Measuring the exact value of your social media ROI can become a complex task that can lead even a more experienced marketer down a rabbit hole of maybes, what-ifs and analysis reports that are murky at best. In fact, a report by Social Media Examiner found that only 10% of respondents strongly agree that they can confidently measure ROI on social media and 56% are either uncertain their measurement tactics or feel that they don’t really work at all. So, for those elusive few who are quite positive of their metrics, exactly how do they do it?
Benchmarking has long been a staple of successful marketing campaigns, but only recently has the significance of adopting a measurement strategy before embarking on a B2B social media campaign come into play. Why? Because choosing the correct metrics that will correlate with tangible sales numbers is simply hard.
After all, the focus of social media marketing is often on brand awareness and engagement, and less often on direct sales. This is especially true in the world of B2B, where prospects are looking for information, gauging reputation and customer service, and simply searching for that ‘gut feeling’ that this may or may not be the right company for their needs.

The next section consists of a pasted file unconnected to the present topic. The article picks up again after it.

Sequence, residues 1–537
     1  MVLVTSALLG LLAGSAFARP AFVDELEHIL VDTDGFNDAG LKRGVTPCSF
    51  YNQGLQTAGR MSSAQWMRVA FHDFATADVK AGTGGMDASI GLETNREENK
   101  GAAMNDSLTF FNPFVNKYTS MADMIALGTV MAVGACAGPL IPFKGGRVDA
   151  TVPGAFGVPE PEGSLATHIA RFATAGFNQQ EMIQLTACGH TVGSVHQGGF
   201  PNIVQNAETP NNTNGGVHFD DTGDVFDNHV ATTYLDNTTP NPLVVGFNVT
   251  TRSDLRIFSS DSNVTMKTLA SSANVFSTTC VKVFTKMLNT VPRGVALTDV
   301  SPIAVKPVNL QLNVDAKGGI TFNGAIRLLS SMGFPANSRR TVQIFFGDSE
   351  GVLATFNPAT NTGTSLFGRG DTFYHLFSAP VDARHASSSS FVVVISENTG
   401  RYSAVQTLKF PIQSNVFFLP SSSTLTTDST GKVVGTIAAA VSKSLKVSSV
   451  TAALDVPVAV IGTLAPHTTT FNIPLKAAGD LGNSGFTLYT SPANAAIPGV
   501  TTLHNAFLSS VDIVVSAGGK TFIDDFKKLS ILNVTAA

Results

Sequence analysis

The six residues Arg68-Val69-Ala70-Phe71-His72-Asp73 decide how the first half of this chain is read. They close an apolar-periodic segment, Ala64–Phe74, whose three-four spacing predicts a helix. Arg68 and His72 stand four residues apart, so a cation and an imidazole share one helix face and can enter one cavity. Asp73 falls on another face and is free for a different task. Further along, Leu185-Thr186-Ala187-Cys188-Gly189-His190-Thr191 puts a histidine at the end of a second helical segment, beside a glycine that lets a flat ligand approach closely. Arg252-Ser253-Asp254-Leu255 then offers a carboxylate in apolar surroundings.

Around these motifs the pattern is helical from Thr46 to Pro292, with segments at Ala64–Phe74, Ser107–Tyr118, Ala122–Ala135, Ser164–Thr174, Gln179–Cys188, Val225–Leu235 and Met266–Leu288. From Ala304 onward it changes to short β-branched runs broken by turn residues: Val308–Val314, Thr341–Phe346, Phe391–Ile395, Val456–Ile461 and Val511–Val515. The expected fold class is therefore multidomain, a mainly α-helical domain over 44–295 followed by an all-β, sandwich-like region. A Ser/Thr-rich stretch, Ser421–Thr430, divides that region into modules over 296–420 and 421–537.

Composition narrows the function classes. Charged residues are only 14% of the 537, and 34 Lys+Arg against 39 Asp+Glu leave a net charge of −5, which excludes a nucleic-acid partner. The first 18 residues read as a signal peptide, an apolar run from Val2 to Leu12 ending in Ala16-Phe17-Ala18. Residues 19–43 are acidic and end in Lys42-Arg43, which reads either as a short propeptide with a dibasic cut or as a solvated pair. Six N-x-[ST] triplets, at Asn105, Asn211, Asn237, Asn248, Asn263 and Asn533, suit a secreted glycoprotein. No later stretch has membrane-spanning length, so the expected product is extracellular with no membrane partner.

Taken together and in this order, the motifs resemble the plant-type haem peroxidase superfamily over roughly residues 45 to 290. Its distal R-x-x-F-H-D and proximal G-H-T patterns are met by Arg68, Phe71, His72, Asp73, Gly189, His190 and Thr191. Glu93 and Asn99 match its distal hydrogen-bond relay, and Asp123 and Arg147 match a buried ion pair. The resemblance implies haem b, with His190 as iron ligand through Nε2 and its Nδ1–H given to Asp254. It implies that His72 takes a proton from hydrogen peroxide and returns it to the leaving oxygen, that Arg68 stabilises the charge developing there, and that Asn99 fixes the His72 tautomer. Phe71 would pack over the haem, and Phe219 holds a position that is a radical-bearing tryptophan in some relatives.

So, to accurately assess social media ROI, marketers need to define the primary objective and establish relevant KPIs that align with that goal.
Once you understand what B2B social media ROI entails and why it needs to be consistently measured, the ‘how’ part comes into play. Although there are scads of metrics available to marketers, through the process of benchmarking and goal setting mentioned above, you have determined what is most useful to your business or client and are ready for the next phase.
Here are four steps to assessing and measuring social ROI.